The world of cricket is topsy-turvy

It’s been awhile since I had a post about cricket. There have been some unusual happenings recently and the good news is that it does not involve cheating or other bad behavior by players but instead is about the game itself. It used to be that national Test cricket teams had periods of dominance of a few years when a good crop of players matured together and then went into a slump as those players retired and new ones entered who had yet to find their feet. But now teams lurch from looking dominant in one series to looking awful in the very next one and then bouncing back again, all within a period of months.

The Sri Lankan team is a good example of this. After tying a Test series in the West Indies last June, they convincingly swept a Test series back home against South Africa in July. They then went into a deep slump and were thoroughly trounced by England in November, New Zealand in December, and Australia in January of this year. They went on a tour of South Africa this month and another trouncing was expected because South Africa is tough to beat at home and indeed England and Australia are the only teams to have ever beaten them there. But in a highly improbable turn of events, Sri Lanka swept the two match series against a team that was considered far superior in pretty much every area of the game. In the first Test, they even had one of the greatest comeback wins in Test history. The South African captain Faf du Plessis was extremely gracious in defeat, even though it must have come as a shock to him and his team.

But other teams are going through similar variability. In the case of England, after they trounced Sri Lanka and India, they lost to a weaker West Indies team, all within the space of less than a year.

Australia has usually fielded strong teams but the suspension of their captain and vice captain for a year following a cheating scandal has resulted in them looking shaky, losing badly to South Africa, Pakistan, and India before beating Sri Lanka when the latter was going through its awful phase.

South Africa has been strong for the past two years, beating all the teams they met but improbably losing only to Sri Lanka both at home and away.

The Pakistan team has long been notoriously unpredictable, looking like world-beaters in one match to awful in the very next. You never know with them what to expect.

West Indies seems to be finally finding its feet. After losing to India and Bangladesh, they unexpectedly beat England.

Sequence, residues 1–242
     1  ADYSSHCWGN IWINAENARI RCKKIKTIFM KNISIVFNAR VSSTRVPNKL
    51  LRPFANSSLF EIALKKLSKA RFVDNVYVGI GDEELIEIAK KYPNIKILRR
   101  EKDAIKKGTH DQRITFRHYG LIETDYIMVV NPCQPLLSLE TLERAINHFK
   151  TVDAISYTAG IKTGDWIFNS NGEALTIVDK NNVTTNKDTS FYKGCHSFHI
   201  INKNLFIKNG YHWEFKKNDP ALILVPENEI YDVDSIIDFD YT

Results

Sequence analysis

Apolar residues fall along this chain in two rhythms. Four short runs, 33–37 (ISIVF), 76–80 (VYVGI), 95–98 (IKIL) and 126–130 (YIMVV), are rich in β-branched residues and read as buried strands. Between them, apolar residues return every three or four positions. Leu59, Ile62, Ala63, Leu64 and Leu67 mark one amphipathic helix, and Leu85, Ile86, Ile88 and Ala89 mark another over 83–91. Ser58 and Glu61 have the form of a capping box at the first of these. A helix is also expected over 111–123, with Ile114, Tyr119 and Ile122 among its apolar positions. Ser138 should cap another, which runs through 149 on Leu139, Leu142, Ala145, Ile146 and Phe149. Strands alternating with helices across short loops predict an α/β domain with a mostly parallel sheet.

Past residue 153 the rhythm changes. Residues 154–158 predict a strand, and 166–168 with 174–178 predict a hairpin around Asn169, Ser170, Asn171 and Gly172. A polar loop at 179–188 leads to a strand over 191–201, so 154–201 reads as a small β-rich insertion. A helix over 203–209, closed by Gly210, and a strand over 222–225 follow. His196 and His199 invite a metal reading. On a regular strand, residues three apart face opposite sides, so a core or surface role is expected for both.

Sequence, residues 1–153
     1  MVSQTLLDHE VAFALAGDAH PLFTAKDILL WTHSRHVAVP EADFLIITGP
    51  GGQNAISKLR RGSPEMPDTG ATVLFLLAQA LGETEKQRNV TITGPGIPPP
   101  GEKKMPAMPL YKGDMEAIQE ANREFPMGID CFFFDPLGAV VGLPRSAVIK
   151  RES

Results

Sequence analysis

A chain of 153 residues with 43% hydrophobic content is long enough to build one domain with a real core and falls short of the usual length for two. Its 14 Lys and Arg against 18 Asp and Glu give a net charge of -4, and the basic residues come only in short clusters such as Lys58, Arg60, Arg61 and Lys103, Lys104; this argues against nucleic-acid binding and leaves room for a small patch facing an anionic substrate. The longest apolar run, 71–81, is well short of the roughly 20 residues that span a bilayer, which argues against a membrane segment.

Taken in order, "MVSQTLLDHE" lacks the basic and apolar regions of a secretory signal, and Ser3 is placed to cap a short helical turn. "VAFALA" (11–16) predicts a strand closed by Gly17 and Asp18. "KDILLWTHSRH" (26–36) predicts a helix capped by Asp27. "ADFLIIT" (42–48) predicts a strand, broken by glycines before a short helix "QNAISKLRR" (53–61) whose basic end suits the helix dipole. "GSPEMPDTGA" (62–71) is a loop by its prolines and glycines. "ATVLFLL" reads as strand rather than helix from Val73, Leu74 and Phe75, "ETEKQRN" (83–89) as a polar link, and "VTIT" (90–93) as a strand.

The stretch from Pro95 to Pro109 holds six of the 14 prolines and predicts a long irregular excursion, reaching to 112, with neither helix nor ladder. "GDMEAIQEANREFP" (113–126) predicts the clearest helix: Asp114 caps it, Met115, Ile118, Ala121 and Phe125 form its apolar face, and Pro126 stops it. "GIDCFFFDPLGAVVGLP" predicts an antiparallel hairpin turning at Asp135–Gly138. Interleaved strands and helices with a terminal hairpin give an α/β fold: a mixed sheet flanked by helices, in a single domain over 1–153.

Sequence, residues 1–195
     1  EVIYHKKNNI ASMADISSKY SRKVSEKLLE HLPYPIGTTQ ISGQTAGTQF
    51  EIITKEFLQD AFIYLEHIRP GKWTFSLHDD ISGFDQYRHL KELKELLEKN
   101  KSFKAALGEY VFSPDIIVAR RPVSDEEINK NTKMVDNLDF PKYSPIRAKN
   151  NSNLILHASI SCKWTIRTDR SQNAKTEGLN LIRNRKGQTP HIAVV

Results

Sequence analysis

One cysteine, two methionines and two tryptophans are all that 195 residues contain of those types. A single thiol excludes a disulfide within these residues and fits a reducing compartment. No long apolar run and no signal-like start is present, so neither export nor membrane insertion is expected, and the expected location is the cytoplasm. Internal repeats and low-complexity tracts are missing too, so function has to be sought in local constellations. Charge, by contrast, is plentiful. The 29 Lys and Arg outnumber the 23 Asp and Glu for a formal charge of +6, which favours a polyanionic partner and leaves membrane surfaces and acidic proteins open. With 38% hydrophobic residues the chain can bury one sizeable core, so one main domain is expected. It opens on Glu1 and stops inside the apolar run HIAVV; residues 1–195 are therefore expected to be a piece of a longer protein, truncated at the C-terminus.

New Zealand has been the exception to this variability and been the most consistently good recently, winning all their series against West Indies, England, Pakistan, and Sri Lanka.

India usually fields good teams. Apart from losses to England and South Africa last year, they have won every series for the last four years and currently they, along with New Zealand, look like the best teams. Currently India is deservedly ranked #1, followed by New Zealand, then South Africa, with Australia and England tied for fourth place.

Bangladesh and Zimbabwe, relative newcomers to the Test scene, have shown that they can win against the more established teams.

All this variability is good for the game. It makes every Test match an exciting one.


  1. enkidu says

    New Zealand has been the exception to this variability and been the most consistently good recently, winning all their series against West Indies, England, Pakistan, and Sri Lanka.

    Only winning against Australia counts.

  2. Mano Singham says

    Oddly enough, despite being neighboring countries and having a strong rivalry, they haven’t played each other since early 2016 and are not scheduled to play in the near future. I don’t know why.

  3. zackoz says

    Hang on, the women are playing! The Australian and New Zealand teams have just played two quite good one-dayers, with some impressive players (and no ball-tampering).

    The next Ashes series will be interesting. Both teams -- especially Australia -- seem to be in a mess. Even with their two best batsmen returning, the batting looks shakier than it has for years, with few automatic choices. If Australia are to win, they’ll need a lot of luck.

  4. jrkrideau says

    Is there any chance that the overall standard of play across all the test countries has reached a level where it is more random variation than anything else that affects play?

  5. Mano Singham says

    Mark @#4,

    I don’t think that there is a convincing single reason but the suggestion of jrkrideau @#5 maybe comes closest.

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